tangible; the physical that we can touch.
“The abstract ﬁeld…a ﬁeld of hands-on exploration and
experimentation. New form is not conceived. It is coaxed out, ﬂushed
from its virtuality.”
Brian Massumi in Sensing the Virtual. Building the insensible. (Massumi, 1998)
Plate. A. Photo of suspended architectural maquette by Marcus A. Gordon.
Plate. B. Photo of suspended hologram of architectural maquette by Marcus A. Gordon.
Plate. C. Photo of both exhibited holograms perceived as one virtual image by Marcus A. Gordon.
“Beneath the pavilion’s often diminutive canopies are found some rather
big ideas about the world.”
Joel Robinson Introducing Pavilions: Big Worlds under Little Tents (Robinson, 2014)
CONCLUSION & FUTURE DIRECTIONS
The Art of Reconstruction
Physical space is what we navigate with our bodies. In summary of the observations from the initial and
ﬁnal experiments, it is to my satisfaction that holographic space is a form of abstraction that can be
considered a medium to extend these physical spaces. In the pavilion experiment, the observation of
remodeling the maquette with minimal changes to decor and only scaling differences exempliﬁed how
dramatic the end result can be from an invisible image riddled with bokeh light leaks to a clear and
deﬁned image with visible structure. The spatial canvas experiment demonstrates the duality in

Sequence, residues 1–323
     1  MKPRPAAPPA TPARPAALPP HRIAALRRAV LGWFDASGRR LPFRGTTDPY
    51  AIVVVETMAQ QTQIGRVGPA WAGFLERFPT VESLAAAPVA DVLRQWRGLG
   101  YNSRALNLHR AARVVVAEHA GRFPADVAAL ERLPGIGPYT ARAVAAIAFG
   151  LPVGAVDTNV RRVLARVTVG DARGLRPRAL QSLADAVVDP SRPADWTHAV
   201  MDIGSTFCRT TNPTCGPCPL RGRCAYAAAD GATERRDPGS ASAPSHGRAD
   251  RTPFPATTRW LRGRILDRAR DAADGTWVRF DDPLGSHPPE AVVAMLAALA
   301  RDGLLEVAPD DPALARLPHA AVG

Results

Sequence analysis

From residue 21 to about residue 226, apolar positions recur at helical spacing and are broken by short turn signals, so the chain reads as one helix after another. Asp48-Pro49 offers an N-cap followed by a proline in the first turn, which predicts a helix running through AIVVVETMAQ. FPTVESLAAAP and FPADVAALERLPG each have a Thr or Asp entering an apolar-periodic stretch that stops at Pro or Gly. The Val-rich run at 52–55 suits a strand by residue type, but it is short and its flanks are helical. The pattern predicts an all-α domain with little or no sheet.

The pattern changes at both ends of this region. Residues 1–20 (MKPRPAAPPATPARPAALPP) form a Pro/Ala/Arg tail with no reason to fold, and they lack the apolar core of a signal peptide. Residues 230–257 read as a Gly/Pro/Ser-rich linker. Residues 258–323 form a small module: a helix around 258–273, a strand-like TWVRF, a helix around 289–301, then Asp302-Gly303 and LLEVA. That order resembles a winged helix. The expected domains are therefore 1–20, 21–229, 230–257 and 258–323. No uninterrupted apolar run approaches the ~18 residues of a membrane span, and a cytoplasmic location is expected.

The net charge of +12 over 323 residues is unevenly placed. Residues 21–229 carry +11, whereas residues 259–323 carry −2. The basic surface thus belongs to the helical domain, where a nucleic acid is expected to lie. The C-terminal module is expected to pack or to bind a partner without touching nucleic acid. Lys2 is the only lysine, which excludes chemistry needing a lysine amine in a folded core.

transparent material acting as both subject and propagator of light in a virtual scene. These simple yet
powerful characteristics of holography are toolkits for reuse in a multitude of other visual artworks I
intend to create in my practice.
Massumi stated that “approached topologically, the architect’s raw material is no longer form but
deformation” (Massumi, 1998). However, the virtual provides us the capability to massage this
deformation with the power of perception, as seen by a viewer’s movement around the glass blocks
hologram. This fact also defends my position on holography being a form of virtual that innately is the
sculpting of light in three-dimensional space. The ﬁnal experiment in the making of the constructivist
art object, the spatial canvas, becomes the vehicle that delivers this form of light sculpture, similar to
the artworks that would reside in Krauss’ axiomatic structures ﬁeld of her diagram. As Krauss describes
it, the works in this ﬁeld are interventions, and holographic artworks although virtual, operate in this
“real” space. I conclude therefore that holography is a true “physical” intervention, that in which its
viewers’ movements are physical interactions with the spatial image.
So how can the virtual image of holography contribute to the dialogue of abstraction in architecture?
Via Massumi’s point of architecture being primarily about the sculpting of spaces of light in the
physical realm, holography can act as an augmented physical space and instigate atmospheric change
wherever it resides or is situated. Change in depth-perception as observed in the viewing of a spatial
canvas also contributes to this enhancement, where once there was simply an architectural window to
the outside world, is now a window to a virtual world of limitless possibility and measurable transparent
space. In both the pavilion and spatial canvas experiment, the combination of the two do not suggest
abstraction of geometric shapes, but instead an operation of abstract logics (Schumacher, 2011, 5.3.1).
With a multitude of parameters at play, the virtual image of holography can be compounded,
positioned spatially, superimposed, externally illuminated, self-illuminated, reconstructed, and,
essentially turned on or off by the viewer by simply changing their angle of view. In addition to the
transplanarity of the medium with a transparent material such as glass, the abstraction is further